Furthermore, while demand growth in the USA is only 1.2-1.45 per cent a year, it is competition which is driving the market for new development. The new focus is on efficiency driven by low margins, better heat rates, increased reliability, cycling capability and lower cost. With the typical existing utility plant heat rate of 11 000 Btu (3224 MWh), and new combustion turbine technology of 6600 Btu (1934.3 MWh), it is clear that the existing infrastructure is inadequate to meet the current or future demand profile, leading to a boom in new additions.
To ensure that companies are able to capture the full value of existing generating assets, the new buzzwords must be the four Rs: re-mission – changing the role of the plant from supporting a system to producing high value commodity products and services; repower – integrating modern, high efficiency equipment into an existing asset; redeploy – selling the assets or changing its ownership within a corporate family to capture a greater share of the plant’s benefits for shareholders; and redevelop – developing new generating facilities on an existing site.
Perhaps the most necessary change for companies who want to play a role in the development of new generation services, is a change in corporate culture. Utility executives need to avoid being trapped by their past experiences and their past market analysis. Traders, marketers and financiers run power plants differently to engineers, and these differences will become even more apparent as the role of generating assets change and the value of the products and services takes precedent. No longer can generation planning decisions be viewed solely as technical and engineering issues. Financial and corporate asset management decision will come first and engineering issues second.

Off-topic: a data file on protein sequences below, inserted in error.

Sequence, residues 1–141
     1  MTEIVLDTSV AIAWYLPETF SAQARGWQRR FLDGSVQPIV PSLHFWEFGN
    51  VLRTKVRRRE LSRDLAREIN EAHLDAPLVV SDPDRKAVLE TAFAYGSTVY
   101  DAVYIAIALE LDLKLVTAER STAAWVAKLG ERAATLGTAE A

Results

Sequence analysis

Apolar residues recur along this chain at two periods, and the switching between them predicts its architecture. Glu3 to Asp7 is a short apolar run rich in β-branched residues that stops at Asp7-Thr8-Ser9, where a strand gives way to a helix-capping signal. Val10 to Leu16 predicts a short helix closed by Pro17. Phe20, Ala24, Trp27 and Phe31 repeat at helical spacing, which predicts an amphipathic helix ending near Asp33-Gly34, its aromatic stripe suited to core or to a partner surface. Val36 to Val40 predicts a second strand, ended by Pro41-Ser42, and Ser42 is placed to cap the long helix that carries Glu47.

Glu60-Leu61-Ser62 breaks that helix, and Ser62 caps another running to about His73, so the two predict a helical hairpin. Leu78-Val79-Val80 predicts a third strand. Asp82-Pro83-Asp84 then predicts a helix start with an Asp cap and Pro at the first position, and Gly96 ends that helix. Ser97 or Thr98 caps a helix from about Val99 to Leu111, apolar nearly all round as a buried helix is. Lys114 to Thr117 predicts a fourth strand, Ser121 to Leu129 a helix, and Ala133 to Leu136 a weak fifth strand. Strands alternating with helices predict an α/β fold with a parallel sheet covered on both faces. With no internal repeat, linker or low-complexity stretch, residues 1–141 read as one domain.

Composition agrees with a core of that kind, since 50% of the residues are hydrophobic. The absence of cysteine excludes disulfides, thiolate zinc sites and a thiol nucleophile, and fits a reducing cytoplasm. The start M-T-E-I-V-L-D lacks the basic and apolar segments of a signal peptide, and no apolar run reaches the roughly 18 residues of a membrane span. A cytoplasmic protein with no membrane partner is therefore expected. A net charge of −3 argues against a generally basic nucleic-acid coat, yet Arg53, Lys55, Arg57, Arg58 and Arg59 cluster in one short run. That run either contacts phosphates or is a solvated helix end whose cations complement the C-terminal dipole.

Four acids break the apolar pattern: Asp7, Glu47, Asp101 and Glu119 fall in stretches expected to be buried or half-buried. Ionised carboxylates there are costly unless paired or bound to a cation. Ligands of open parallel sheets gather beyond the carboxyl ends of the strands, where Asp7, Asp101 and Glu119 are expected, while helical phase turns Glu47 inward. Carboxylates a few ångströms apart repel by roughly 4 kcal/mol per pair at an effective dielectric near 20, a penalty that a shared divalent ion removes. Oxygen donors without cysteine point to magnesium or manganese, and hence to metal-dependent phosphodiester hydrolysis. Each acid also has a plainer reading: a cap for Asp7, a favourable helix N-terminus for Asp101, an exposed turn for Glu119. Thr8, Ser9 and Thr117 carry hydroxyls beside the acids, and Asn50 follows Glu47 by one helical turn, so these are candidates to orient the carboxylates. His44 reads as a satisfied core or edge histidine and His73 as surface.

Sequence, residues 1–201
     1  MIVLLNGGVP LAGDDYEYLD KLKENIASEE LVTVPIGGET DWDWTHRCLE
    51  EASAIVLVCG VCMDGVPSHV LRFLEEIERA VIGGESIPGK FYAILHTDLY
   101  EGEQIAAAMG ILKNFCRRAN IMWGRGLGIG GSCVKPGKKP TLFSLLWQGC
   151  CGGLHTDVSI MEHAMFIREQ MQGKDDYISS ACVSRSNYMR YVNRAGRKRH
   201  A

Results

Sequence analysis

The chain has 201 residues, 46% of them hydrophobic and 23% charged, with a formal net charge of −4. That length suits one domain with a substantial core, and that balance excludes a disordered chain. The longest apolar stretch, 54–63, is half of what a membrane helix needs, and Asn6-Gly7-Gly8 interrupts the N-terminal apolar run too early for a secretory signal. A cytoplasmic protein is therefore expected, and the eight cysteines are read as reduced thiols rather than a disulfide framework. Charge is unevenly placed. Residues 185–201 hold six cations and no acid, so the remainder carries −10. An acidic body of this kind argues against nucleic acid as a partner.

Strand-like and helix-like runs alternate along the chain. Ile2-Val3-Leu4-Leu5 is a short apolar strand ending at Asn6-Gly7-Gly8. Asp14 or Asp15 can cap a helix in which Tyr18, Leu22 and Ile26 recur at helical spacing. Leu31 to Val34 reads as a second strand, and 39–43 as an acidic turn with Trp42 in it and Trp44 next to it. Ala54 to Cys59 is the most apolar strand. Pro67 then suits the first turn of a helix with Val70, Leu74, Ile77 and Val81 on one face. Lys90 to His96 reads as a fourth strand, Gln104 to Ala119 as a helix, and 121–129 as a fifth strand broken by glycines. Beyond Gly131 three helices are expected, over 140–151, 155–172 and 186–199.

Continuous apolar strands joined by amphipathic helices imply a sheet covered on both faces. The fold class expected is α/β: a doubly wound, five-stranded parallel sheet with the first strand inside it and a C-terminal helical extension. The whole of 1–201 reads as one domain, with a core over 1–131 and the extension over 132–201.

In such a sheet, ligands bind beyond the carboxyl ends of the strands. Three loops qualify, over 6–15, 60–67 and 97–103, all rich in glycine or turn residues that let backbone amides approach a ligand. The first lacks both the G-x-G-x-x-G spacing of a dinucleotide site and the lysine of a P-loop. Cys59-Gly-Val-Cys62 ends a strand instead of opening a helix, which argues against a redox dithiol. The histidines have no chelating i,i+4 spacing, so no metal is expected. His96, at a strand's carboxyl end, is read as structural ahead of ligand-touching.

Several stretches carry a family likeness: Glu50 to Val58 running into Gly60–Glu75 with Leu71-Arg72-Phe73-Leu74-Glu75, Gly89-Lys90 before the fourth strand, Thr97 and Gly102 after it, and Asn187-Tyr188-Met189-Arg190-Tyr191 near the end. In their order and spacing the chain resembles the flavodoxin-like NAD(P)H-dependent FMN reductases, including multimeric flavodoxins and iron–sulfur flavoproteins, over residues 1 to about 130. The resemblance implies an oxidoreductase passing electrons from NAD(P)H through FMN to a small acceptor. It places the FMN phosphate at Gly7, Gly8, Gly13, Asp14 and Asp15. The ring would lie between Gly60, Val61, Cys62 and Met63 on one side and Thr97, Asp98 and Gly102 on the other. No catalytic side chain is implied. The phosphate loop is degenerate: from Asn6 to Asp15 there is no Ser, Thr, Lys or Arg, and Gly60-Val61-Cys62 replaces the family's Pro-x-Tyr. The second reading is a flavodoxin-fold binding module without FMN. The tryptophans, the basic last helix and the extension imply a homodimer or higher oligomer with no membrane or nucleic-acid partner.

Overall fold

Companies will have to become more market and customer focused, and less focused on merely selling kilowatt hours. In the past too many utility executives followed the old adage of Henry Ford: “The customer can have any colour car he wants, so long as its black”.
Strategic pricing, rate design, new service contracts and marketing will be used to capture attractive loads, discourage less desirable customers, and improve the load factor for the remaining system. Successful companies in emerging competitive markets must be able to respond flexibly to opportunities wherever they occur, while maintaining a lean organizational structure to avoid burdensome interdepartmental bureaucratic impediments seizing and exploiting development opportunities.
Competitive generating companies will incentivize employees on a plant by plant basis and provide a clear sense of managerial direction from the most senior level managers to the lowest level employees to prompt timely decision-making. Nothing less than a company-wide sense of mission should be promoted to ensure that all employees are vested with the necessity to become industry leaders. Fostering the ability of employees to develop competitive and entrepreneurial capabilities will result in new opportunities.
The combination of market forces, new demand, accelerating growth and culture change are creating a one-time opportunity for competitive companies to capture a pre-eminent position in the US market. The generation options of the future may not be controlled by existing US utilities, but instead by new market entrants such as foreign companies, oil majors and new domestic utilities formed from the ongoing consolidation of the industry.